Prologue: All Those Angels With Their Wings Glued On

Mike, who sucks at all games, plays on easy. His jaw goes slack and his eyes light up as he watches the fret scrolling. He is totally engrossed, like a child watching an animatronic monkey.

Jude is a machine. He builds up star power and then waits until he gets a x4 multiplier. He then uses it during the easy parts with lots of notes. He dominates the high score board on any song he knows. He doesn’t play the songs he doesn’t know. He stands impassively, staring intently at the scrolling dots. He is impossible to beat. He once asked if he could sit down to play. We refused. There is a limit.

Trevor is the anti-Jude. He moves around. He bends at the waist. He steps forward and back, prancing a little. His head moves. Sometimes he even looks away from the screen. He has so much style that he accidentally pops off star power before he means to. But that doesn’t faze him. He just rolls with it, pretending he meant to do star power.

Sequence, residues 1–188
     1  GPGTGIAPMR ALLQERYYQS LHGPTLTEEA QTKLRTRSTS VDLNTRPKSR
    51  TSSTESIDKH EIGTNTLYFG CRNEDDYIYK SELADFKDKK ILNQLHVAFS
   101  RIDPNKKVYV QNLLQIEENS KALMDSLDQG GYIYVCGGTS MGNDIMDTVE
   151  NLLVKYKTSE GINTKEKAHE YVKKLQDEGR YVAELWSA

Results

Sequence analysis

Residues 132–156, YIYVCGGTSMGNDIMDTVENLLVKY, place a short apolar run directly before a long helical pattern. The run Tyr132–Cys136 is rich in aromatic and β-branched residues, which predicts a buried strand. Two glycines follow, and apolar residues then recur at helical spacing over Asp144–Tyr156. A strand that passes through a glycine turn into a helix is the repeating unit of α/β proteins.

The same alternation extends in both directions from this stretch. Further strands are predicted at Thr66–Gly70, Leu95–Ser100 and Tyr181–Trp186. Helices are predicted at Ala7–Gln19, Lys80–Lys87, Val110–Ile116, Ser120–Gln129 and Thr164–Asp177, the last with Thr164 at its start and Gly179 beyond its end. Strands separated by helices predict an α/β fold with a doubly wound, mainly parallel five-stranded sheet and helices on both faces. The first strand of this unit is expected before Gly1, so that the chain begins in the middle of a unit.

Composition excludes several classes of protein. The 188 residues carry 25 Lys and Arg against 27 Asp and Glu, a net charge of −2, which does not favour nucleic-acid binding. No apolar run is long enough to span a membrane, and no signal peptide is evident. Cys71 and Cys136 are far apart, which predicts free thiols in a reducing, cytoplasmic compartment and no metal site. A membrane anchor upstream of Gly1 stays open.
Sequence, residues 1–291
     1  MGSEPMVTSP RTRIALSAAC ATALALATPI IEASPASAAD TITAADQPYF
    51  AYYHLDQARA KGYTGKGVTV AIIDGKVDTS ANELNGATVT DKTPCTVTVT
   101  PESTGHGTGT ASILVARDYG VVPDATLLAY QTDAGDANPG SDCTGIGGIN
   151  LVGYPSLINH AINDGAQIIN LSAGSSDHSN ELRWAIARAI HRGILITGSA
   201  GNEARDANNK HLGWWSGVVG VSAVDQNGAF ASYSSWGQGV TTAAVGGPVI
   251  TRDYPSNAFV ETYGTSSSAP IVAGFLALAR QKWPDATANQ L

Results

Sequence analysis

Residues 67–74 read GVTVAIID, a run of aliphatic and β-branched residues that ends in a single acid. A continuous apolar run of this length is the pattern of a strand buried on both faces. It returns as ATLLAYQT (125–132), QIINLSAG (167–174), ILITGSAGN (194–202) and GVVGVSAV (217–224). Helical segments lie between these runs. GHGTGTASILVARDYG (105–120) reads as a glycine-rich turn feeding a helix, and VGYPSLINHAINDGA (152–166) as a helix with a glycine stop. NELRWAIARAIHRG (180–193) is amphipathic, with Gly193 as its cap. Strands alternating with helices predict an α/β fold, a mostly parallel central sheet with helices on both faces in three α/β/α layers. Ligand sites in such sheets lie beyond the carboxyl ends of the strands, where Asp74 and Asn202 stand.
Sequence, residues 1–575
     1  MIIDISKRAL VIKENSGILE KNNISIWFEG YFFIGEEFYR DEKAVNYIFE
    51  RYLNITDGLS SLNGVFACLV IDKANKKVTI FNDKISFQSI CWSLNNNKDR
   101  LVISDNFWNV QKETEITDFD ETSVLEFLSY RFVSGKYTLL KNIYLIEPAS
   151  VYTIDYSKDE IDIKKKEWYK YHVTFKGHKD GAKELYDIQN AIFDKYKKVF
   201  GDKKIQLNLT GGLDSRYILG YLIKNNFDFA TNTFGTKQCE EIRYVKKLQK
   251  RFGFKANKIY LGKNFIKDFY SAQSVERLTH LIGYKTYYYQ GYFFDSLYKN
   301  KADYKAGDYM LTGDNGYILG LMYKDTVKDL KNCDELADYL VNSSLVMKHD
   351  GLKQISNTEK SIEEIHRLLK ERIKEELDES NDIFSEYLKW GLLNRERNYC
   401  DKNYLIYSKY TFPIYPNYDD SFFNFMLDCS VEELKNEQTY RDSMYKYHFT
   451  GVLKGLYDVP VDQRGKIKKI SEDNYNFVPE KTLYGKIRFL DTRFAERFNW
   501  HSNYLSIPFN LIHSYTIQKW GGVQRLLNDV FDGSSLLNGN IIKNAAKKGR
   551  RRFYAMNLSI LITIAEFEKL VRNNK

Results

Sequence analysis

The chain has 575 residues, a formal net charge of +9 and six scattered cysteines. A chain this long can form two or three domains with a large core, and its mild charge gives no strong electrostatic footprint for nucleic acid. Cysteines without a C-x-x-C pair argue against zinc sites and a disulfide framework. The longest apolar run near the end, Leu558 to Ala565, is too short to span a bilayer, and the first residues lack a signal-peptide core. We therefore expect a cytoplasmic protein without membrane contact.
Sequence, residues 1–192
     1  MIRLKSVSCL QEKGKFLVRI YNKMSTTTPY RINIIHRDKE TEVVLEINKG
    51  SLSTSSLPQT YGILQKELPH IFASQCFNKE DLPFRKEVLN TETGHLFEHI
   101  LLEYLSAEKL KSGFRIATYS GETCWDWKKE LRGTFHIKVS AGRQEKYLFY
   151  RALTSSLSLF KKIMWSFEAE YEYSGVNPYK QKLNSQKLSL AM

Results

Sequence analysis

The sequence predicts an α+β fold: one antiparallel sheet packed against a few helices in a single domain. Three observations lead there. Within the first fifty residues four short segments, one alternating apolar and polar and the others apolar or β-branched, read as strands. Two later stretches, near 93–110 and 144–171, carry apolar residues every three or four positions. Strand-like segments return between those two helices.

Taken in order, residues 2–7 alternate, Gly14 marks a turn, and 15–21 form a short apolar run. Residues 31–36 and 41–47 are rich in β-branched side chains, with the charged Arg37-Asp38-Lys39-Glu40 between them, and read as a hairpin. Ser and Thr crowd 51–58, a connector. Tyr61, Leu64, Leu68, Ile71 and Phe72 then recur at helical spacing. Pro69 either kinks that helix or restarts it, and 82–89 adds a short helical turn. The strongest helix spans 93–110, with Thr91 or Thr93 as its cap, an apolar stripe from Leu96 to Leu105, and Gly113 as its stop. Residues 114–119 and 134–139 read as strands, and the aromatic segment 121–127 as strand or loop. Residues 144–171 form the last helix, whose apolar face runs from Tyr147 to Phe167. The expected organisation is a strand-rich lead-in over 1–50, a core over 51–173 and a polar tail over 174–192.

When the song is over and the game proclaims “You rock!”, Trevor throws both arms into the air. Never mind that to Guitar Hero, everyone rocks. It has delivered a special message to Trevor, and he triumphantly receives it. He rocks.

Douglas refuses to play. “You guys have no idea how fucking stupid you look with those toy guitars.”

He’s right. But before he shakes his head and goes into the back room to play something else, we tell him, “You have no idea how cool we feel.” And that’s pretty much the whole deal with Guitar Hero in particular, and videogames in general.

To be continued…


Tom Chick has been writing about videogames for fifteen years. His work appears in Games for Windows Magazine, Yahoo, Gamespy, Sci-Fi, and Variety. He lives in Los Angeles. Shoot Club appears in this space every Thursday.

You may also like